Monday, 15 July 2013

First post, first blister

Blisters are not normally a cause for celebration – for runners, or anyone else. But I have to admit to a considerable measure of satisfaction when I peeled off my socks after my first 10k and discovered one. There it was: my first blister. (Left foot, little toe, if you’re interested – and I’m guessing you’re not, so you’re spared a photograph – there’s no Instagram filter that can make that a palatable sight). A colleague who runs marathons has been entertaining me with horror stories of toe nails dropping off, etc, and compared to her I realise this is still tame, but even so ... Looking at my first blister, I felt that in my own way, I'd made it. 

Granted, the fact that I had just run 10k probably had something to do with that feeling, but I have realised that for me, running is all about the little things. I very rarely run the same route twice, as I get bored quickly and I like to explore new places. This means that it’s difficult to compare the times or distances that I’m running. So many other things affect my pace, as well: the weather, what I managed to cram in for breakfast, the kind of day I’ve had. Don’t get me wrong, the first time I ran 5k in under 30 minutes, I was pretty chuffed. But a personal best isn’t going to happen every day. Normally I measure the success of a run in other ways: the view I’m rewarded with at the top of a hill; catching sight of a heron silently unfolding its wings; managing to overtake someone as I run laps of the playing fields. Sometimes just the act of lacing up my running shoes feels like a huge victory. Little things become big things and all of a sudden, you’ve run over six miles.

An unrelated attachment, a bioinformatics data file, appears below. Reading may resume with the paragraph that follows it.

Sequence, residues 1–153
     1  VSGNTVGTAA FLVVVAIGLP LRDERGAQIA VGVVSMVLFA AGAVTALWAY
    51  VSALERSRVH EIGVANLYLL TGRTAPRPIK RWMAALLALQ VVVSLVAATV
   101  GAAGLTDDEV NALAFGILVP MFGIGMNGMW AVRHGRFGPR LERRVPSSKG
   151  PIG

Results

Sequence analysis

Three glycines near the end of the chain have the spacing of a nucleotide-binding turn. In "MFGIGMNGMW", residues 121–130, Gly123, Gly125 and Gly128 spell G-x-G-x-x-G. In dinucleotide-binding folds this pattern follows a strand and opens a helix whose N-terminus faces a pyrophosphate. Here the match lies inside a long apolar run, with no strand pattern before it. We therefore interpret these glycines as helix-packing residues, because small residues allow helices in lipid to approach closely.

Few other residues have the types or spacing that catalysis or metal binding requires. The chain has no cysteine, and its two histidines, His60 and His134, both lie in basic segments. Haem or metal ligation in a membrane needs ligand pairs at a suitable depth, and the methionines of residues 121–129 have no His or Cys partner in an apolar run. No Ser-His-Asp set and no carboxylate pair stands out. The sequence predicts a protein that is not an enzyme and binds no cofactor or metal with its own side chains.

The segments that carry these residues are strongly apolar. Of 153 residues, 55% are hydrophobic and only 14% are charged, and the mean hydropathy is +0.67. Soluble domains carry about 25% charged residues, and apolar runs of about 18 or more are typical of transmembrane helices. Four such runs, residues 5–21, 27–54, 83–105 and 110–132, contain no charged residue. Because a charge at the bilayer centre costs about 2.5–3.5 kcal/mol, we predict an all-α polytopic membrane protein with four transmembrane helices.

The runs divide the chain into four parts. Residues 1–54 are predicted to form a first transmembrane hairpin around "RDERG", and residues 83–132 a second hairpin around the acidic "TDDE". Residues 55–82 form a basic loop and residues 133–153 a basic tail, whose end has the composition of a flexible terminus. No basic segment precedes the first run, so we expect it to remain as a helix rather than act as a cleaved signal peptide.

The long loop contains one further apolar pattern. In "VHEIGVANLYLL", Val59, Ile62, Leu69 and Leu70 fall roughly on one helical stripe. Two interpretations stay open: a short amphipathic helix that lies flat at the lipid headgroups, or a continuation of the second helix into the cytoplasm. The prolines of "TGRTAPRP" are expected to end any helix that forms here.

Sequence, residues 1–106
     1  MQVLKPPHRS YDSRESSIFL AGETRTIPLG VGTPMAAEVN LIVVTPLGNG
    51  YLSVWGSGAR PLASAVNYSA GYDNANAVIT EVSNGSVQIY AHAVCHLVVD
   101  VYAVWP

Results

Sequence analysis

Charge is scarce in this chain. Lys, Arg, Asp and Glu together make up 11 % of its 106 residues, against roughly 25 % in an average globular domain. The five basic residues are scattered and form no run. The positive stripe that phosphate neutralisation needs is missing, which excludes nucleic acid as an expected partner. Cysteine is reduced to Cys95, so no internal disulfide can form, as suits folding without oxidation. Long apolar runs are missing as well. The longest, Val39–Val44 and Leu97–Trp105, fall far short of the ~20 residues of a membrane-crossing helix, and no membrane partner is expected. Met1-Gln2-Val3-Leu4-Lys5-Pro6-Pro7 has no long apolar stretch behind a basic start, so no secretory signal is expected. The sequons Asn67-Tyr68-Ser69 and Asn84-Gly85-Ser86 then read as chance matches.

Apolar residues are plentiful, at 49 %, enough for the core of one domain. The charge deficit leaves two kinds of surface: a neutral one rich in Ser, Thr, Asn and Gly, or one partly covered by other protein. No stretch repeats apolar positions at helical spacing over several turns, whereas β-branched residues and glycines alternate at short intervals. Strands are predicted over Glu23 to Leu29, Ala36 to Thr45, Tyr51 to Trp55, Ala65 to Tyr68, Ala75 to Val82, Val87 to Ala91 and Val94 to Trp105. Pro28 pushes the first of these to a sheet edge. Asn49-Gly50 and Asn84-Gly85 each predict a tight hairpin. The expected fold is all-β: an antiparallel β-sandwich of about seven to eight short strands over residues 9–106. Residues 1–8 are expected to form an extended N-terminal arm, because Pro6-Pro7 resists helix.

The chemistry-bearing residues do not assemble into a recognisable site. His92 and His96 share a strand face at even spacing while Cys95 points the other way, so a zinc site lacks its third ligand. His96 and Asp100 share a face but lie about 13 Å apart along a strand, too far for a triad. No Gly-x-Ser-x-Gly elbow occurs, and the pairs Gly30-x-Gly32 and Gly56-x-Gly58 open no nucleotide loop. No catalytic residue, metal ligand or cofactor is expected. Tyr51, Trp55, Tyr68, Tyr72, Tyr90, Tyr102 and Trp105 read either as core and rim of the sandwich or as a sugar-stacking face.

If you’d told me six months ago that I would be running that kind of distance, I would have laughed in your face. Which just goes to show how much can change in six months. Just before Christmas I went to visit a close childhood friend and was bowled over by how amazing she looked – she told me she’d been doing Weight Watchers and it really got me thinking. I have always loved food and I have tried not to confront the issue of my weight too often. It’s only since I started losing it that I’m realising how unhappy being overweight was making me. Or maybe it’s just that losing weight has given me a lot of things to be happy about: my passion for baking has been swapped for one for cooking much healthier food (same pleasure, but without the inevitable post-brownie guilt); I have discovered an unexpected kind of confidence that has seen me try new things for the first time (rollercoasters, cartwheels); and running, which has given me a different way to look at the world, as well as myself. So that’s what this blog will be about. Looking inwards and outwards, but with new eyes – and appreciating the blisters along the way.

Running 10k in Cornwall - I promised no photo of the blister!


  1. Making me resolve even more to start running again!
    Can't wait for more :) On balance though, good decision not to share photos of your blisters.

    1. Definitely a good decision ... And DO start running again! We should definitely do a race together at some point! xxx

  2. Good stuff! I'm impressed you can run at all on that coastal path. Just walking on it nearly did for me. And glad you selected Google to host this :-).

    "It’s only since I started losing it that I’m realising how unhappy being overweight was making me." Very true. It's so easy to get used to some level of happiness and assume nothing better is achievable.

    Isn't that a big toe poking up at the bottom of the picture, just left of centre?

    1. Thanks for reading! The choice of Google was a no-brainer/dictated by Gennie, so you have her to thank ..

      Running on that path was certainly a challenge but the views were absolutely worth it. I ran from Rock to Polzeath - felt pretty proud of myself when I looked at it on the map later!

      It's not a toe, it's a campion I think. I'm not quite brave enough to run barefoot yet!